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Texas Prices Now Shown Separately in the Official Healthcare Pricing Guide™ (HPG) Texas Release
[March 16, 2023]

Texas Prices Now Shown Separately in the Official Healthcare Pricing Guide™ (HPG) Texas Release

HPG Adds a Separate Line Item to Compare Texas Prices to the Transparency in Coverage National Negotiated Rates

CORPUS CHRISTI, Texas, March 16, 2023 /PRNewswire/ -- Denniston Data Inc. (DDI), "The Healthcare Transparency Company," has launched a Texas version of the Official Healthcare Pricing Guide™ (HPG), U.S. Medical Benchmark Prices from Transparency in Coverage and Medicare Data, with the largest and most accurate data available on negotiated medical prices in the U.S.

The national average is 224% of Medicare, so the outpatient negotiated rates in Texas are 36% higher.  

Texas Has Been Paying Higher Medical Prices than the Rest of the U.S.
The data shows that median medical negotiated rates in Texas are 305% of Medicare rates for outpatient services and 260% of Medicare for inpatient hospital services. The national average is 224% of Medicare, so the outpatient negotiated rates in Texas are 36% higher than the national average. This amount is not commensurate with local costs in Texas, which tend to be lower than national costs.

The Increasing Cost of Healthcare is Threatening Texas's Business-Friendly Reputation
In recent years, Texas has attracted businesses moving from higher cost states. The Texas cost of healthcare can be a threat to that. According to Glenn Hamer, President & CEO, the Texas Association of Business, "I continually hear from employers that the rising cost of health care is unsustainable, and it is an ongoing barrier to providing health insurance to employees. It's been the top concern of business owners in Texas." (Dallas News, 2/24/23)

What Is a Better Benchmark, National Prices, or Local Prices?
The Texas data illustrates that there is a problem in Texas. HPG can be used to correct that problem via negotiations relying on evidence-based benchmark fair prices. The data shows local negotiated price variations far beyond what the difference would be based on local costs. When it comes to benchmarking files for negotiation with providers, the national benchmarks are more accurate. If local pricing differences were driven primarily by local costs, a regional cost multiplier could fix that, but they are not. Local pricing differences are much greater than local costs would dictate. They are based primarily on the ability of some local medical providers with market dominance to steer excessive pricing. Using market-dominant influenced prices as a benchmark only reinforces the problem of excessive medical fees. Rather, using the national tools in the Official Healthcare Pricing Guide™ (HPG) could fix the problem.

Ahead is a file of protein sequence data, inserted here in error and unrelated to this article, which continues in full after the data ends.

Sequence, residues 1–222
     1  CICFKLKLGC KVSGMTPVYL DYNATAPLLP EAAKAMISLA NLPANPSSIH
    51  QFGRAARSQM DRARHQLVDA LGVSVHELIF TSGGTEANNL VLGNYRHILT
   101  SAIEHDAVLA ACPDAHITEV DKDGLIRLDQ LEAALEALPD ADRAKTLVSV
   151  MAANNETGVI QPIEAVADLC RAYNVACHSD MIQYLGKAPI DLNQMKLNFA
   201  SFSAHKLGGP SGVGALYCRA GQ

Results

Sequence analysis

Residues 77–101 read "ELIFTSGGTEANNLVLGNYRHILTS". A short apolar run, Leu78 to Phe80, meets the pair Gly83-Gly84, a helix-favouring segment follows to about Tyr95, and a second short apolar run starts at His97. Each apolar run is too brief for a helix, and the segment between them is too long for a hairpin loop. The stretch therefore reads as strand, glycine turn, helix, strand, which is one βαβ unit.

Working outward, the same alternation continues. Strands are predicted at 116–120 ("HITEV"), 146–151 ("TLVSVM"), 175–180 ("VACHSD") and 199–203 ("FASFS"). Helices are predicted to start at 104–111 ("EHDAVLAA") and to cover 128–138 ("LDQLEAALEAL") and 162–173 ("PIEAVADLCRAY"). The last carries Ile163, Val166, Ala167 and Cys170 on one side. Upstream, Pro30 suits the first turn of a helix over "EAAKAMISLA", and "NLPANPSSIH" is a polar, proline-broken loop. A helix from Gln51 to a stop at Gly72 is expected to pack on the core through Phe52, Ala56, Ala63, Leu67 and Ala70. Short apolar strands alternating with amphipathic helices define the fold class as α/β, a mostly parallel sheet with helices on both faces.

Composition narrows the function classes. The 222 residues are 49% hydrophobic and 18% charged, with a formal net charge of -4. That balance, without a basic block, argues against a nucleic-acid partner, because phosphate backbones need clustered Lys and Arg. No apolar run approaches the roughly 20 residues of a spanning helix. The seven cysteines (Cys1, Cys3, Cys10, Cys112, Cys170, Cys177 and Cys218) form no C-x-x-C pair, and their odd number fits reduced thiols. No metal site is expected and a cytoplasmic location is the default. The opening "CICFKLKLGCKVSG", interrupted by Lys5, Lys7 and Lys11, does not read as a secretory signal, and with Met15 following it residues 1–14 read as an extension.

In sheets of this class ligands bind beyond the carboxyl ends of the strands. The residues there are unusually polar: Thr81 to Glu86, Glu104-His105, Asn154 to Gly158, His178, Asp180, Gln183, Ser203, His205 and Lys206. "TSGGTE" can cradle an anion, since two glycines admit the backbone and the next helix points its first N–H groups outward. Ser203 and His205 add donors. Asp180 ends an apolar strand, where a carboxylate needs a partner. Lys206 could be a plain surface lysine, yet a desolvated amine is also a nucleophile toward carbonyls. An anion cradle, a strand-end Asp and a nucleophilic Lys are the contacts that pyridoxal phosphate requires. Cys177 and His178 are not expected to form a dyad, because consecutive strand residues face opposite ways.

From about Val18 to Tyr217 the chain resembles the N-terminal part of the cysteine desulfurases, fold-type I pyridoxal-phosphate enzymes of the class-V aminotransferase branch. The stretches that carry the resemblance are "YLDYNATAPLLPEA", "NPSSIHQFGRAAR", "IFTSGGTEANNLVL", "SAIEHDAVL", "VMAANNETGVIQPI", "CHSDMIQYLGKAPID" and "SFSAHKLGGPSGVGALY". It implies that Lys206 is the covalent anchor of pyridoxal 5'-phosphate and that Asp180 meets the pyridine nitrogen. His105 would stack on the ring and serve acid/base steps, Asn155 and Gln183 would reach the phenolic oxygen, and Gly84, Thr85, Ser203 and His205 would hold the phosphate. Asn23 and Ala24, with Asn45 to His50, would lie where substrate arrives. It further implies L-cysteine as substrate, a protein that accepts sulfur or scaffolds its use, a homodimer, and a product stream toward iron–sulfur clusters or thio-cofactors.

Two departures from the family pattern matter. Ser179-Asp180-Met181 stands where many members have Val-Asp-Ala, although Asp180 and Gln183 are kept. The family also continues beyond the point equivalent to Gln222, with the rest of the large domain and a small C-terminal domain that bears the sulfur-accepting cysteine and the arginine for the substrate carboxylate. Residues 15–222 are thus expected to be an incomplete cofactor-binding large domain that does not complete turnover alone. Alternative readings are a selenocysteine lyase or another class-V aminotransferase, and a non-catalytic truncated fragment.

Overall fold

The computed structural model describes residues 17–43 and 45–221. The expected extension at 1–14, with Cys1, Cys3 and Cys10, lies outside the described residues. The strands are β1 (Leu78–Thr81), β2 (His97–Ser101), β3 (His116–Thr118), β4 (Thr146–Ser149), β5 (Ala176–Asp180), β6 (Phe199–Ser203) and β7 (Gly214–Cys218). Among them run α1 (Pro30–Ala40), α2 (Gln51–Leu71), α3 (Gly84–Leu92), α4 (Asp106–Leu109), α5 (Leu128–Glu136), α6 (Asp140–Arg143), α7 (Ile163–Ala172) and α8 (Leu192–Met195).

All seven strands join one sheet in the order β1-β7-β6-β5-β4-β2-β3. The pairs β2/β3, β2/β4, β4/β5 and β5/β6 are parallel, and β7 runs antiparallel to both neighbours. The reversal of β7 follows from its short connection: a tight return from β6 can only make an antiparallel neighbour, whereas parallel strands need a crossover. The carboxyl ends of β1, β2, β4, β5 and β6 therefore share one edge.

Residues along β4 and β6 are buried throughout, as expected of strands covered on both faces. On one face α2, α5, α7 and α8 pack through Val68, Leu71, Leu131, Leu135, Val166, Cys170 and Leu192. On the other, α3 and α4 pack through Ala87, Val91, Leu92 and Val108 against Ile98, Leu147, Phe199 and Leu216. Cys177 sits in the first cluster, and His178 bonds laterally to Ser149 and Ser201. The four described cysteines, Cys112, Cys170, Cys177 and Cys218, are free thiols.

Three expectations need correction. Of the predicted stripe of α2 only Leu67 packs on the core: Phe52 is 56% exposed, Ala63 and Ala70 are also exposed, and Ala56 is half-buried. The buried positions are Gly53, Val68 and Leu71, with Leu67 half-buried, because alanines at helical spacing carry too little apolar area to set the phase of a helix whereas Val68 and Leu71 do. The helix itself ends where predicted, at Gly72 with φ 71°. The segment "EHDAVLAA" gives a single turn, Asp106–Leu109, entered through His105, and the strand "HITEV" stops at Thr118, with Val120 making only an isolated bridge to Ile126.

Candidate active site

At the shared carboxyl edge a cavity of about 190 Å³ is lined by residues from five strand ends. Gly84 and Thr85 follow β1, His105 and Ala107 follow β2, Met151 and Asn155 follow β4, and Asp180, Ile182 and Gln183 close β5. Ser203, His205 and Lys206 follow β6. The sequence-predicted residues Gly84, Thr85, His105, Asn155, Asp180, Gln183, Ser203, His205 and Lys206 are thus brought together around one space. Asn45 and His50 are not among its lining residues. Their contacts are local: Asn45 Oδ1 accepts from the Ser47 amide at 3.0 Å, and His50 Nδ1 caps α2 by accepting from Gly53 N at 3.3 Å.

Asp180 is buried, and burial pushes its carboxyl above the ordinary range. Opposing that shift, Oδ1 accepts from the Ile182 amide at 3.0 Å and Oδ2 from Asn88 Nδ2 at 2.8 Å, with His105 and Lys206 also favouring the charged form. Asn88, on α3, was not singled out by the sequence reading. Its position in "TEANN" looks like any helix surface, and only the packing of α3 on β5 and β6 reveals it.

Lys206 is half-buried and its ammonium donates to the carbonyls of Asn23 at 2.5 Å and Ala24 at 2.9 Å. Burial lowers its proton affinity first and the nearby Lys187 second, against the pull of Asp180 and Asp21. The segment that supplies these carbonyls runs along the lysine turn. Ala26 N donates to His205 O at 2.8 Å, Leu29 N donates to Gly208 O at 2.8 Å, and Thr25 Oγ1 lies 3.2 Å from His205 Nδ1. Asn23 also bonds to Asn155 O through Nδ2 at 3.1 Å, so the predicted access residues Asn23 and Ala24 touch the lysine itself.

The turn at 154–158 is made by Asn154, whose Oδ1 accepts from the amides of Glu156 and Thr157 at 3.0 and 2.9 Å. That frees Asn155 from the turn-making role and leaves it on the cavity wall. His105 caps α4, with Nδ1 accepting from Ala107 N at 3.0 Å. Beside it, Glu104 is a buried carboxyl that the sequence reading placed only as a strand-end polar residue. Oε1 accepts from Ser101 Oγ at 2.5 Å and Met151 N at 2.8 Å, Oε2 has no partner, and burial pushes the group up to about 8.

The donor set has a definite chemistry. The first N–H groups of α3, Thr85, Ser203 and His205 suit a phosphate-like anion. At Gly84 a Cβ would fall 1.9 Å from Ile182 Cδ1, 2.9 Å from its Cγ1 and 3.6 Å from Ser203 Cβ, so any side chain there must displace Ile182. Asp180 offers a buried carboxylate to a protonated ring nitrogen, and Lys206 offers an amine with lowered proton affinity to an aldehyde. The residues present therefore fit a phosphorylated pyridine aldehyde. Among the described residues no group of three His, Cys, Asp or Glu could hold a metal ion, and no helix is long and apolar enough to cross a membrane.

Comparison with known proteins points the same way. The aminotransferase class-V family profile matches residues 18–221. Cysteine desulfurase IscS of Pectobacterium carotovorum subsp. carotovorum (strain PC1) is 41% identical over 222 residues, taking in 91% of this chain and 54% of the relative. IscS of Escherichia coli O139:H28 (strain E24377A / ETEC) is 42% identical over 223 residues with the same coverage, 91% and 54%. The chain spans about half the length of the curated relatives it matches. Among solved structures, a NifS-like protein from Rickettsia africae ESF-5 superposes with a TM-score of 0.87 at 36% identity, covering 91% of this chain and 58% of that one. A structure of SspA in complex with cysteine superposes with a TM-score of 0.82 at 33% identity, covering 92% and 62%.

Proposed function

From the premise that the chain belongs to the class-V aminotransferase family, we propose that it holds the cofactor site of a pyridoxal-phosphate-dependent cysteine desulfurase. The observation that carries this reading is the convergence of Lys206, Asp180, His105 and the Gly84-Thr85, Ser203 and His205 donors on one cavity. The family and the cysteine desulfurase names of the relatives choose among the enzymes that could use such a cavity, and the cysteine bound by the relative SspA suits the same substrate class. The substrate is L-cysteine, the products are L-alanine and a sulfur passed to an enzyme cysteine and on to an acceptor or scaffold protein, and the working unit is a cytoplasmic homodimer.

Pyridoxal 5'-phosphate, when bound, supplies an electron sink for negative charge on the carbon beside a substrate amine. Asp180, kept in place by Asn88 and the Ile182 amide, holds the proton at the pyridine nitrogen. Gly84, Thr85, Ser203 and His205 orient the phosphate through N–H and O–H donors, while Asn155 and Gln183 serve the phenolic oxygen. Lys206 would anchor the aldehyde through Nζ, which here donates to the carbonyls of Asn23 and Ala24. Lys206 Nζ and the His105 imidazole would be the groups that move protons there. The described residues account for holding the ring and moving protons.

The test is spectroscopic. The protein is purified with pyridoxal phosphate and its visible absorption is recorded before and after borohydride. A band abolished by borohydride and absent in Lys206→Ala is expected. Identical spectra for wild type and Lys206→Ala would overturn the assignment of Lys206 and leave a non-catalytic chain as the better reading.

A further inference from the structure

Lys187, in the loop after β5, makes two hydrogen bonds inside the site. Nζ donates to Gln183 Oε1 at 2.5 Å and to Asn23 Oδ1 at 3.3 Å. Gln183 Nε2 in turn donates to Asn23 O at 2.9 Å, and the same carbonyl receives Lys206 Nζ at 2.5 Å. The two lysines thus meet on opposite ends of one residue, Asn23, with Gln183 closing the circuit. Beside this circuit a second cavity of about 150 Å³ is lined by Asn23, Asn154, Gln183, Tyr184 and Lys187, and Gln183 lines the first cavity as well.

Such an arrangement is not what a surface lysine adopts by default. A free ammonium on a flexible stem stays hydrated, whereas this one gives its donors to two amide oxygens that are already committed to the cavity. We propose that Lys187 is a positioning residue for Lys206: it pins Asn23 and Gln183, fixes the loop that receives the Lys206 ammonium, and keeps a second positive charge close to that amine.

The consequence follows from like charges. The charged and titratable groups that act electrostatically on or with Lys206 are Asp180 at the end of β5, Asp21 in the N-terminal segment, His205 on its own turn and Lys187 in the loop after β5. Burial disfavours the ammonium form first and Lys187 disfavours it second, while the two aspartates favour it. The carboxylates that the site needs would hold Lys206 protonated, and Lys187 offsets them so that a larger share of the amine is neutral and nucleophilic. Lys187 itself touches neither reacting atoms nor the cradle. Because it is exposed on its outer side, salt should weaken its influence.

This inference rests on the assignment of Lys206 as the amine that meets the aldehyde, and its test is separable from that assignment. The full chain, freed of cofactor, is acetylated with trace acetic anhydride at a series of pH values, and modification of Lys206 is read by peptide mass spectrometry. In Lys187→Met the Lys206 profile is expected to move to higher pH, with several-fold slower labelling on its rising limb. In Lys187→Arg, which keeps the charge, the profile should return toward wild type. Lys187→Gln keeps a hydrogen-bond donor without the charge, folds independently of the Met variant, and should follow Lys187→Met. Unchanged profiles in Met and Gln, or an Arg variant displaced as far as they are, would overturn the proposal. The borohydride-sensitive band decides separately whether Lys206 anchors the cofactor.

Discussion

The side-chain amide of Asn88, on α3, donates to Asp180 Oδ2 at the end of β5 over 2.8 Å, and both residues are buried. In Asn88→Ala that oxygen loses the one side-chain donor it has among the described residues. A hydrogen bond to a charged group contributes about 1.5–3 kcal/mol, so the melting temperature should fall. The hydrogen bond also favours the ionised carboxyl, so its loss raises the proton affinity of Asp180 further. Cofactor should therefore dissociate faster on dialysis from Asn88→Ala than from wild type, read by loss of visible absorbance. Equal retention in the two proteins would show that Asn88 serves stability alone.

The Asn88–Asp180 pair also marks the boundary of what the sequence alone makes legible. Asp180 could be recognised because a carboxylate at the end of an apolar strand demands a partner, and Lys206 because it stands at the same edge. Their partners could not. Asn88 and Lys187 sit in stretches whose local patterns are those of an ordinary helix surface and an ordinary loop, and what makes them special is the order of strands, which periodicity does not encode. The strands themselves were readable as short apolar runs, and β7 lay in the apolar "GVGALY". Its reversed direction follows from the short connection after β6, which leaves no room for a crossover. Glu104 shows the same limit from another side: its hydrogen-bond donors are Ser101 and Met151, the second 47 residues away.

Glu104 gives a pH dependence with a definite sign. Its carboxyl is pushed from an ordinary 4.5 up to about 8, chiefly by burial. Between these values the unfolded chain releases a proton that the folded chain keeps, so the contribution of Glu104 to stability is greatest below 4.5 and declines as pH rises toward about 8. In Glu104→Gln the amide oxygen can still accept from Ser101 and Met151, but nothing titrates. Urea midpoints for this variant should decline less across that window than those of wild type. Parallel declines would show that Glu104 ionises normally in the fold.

Data Is Not Designed for Consumer Use
The HPG data is designed for use by professionals, such as administrators of health plans or providers. The experience with the use of this type of data by patients has not been very successful. According to the Catalyst for Payment Reform (CPR), "Studies continuously demonstrate that even when patients have access to data about prices and quality, they rarely consult or act on it. It has not been possible to turn health plan members into savvy health care consumers." (CPR, 3/9/23) And directing patients to lower cost providers has not caught on either. According to the Kaiser Family Foundation, "A small fraction of public and private employers attempt to curb prices through products and provider networks that aim to connect plan members with lower-cost providers and services. If a critical mass of purchasers adopted these strategies, they could theoretically compel providers to lower their prices, improve efficiency and take other steps to reduce the cost of care. Unfortunately, uptake for these strategies has been vanishingly small: less than 10 percent of employers offer a narrow network, according to the latest survey findings." (Kaiser, 2022)

Texas Can Be a Leader in Healthcare Innovation
The principals of DDI also founded ODG, the evidence-based standard for medical treatment and return-to-work used in workers' comp. Texas was one of the first states to adopt ODG for medical necessity, and after Texas workers' comp outcomes became a successful model, other states followed. Currently in Texas, HB 3351 (Rep. Harris) was just filed to amend the rules regarding Physician Ranking Requirements so that the standards used conform to nationally recognized standards and guidelines as required by rules adopted under Section 1460.005, emphasizing quality of health care.  Provider Ranking System™ (PRS), from DDI would meet these criteria. DDI is also working with Rep. Harris on considering a national benchmark for the Texas no surprises act, given that local benchmarks can be disproportionately affected by local dominant providers who may have been charging excessive prices.

About Denniston Data Inc.
The mission of Denniston Data is to bring transparency into provider quality and costs, improving the efficiency and effectiveness of patient care in the U.S. Healthcare system. The principals of Denniston Data have together founded and built multiple enterprises in the healthcare field based on medical database and claims-analytics. Provider Ranking System™ and Healthcare Pricing Guide™ serve the needs of healthcare payers and providers. For more information, please visit

Patricia Whelan
Denniston Data Inc.
+1 760-846-4930

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SOURCE Denniston Data Inc.

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